Sports and stories

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INTERVIEW Khyrunnisa on what led her to write two books based on sports

creating endearing charactersKhyrunnisa
creating endearing charactersKhyrunnisa

H owzzat Butterfingers, a cricket-based book marks Khyrunnisa’s debut. The Thiruvananthapuram-based English professor even got a letter from M.A.K. Pataudi for two of her works, Howzzat and Goal . Pataudi wrote: “What great fun. It brings back long lost memories of my prep school days. This is the first book or story written by you that I have read but I shall now look for others to read and to give to my grandson.”

Recently, members of a Thiruvananthapuram-based children’s book club adapted her football-based book Goal Butterfinger for a two-hour musical.

“The children who performed said they chose the book, because they had all enjoyed it and could relate to it. They raised more than Rs. 5 lakh for the show and donated it to the Regional Cancer Centre (RCC) and National Institute of Speech and Hearing (NISH),” said Khyrunnisa.

She speaks of how Butterfingers was born. “ Butterfingers was my first story for Tinkle . It was my entry for the Tinkle Original Short Story Competition for Adult Writers of Children’s Fiction (1996). We used to get Tinkle for my son. When I saw the announcement, I entered just for the heck of it. Coming from a family that loves cricket, I chose to write a story based on the sport. We call clumsy people butterfingers. So, I created a character who loves cricket but whose slip grip has given him the nickname Butterfingers. Also, Butterfingers is commonly used to refer to fielders who drop catches. So I decided to weave a cricket based story with Butterfingers as the eponymous hero.”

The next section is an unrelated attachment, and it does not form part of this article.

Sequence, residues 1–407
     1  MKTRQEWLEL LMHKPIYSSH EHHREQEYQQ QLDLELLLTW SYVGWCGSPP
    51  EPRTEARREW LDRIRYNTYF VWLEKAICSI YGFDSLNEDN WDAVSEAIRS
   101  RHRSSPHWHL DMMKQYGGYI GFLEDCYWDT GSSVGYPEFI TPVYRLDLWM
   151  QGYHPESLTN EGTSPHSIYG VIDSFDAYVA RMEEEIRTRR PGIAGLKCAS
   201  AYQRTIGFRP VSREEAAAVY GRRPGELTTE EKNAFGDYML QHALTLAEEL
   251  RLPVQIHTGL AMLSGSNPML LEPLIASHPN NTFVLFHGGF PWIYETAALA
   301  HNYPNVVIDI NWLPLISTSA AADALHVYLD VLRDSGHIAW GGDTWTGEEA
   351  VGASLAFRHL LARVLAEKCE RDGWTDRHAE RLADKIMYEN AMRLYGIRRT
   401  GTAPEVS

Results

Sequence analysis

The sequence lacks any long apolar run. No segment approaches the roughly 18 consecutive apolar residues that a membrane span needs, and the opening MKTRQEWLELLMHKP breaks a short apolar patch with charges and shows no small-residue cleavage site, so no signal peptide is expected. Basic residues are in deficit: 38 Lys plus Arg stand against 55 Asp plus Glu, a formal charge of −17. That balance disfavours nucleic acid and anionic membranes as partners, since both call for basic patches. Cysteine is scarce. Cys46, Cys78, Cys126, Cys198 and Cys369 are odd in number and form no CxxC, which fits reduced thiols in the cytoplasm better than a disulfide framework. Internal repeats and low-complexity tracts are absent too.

In 2006, Khyrunnisa was asked by Tinkle to create a regular character for the magazine. Her choice was Butterfingers.

“He became a favourite with children. Though clumsy, he is well-intentioned, funny and an endearing character. Children tell me they love him because they can relate to him.”

Khyrunnisa loves sports. Since her first novel was well received, she decided to write another one on sports. “I thought I’d move to another sport and chose football, which is another favourite. Also, when we have been subscribing to The Sportstar for almost 25 years, how can sports not figure in my books? I love sports!”

“I wanted to evoke a realistic school atmosphere. I deliberately didn’t give a definite location in order to have a pan-Indian appeal. The books had to be humorous and enjoyable. I also wanted the descriptions of matches to be exciting, funny and free of mistakes.”

How tough was writing for children? “Children are demanding and also honest. They will tell you if they liked something or not, to your face. You don’t have the freedom to write as you do in adult fiction. I used to tell my son a lot of stories when he was small. He kept me on my toes for he wouldn’t allow me to repeat an incident or a character. And he would demand consistency in my creations.”

Khyrunnisa promises yet another sport-based book.

She says, “A schoolboy suggested that I write a novel on swimming and call it Splash, Butterfingers





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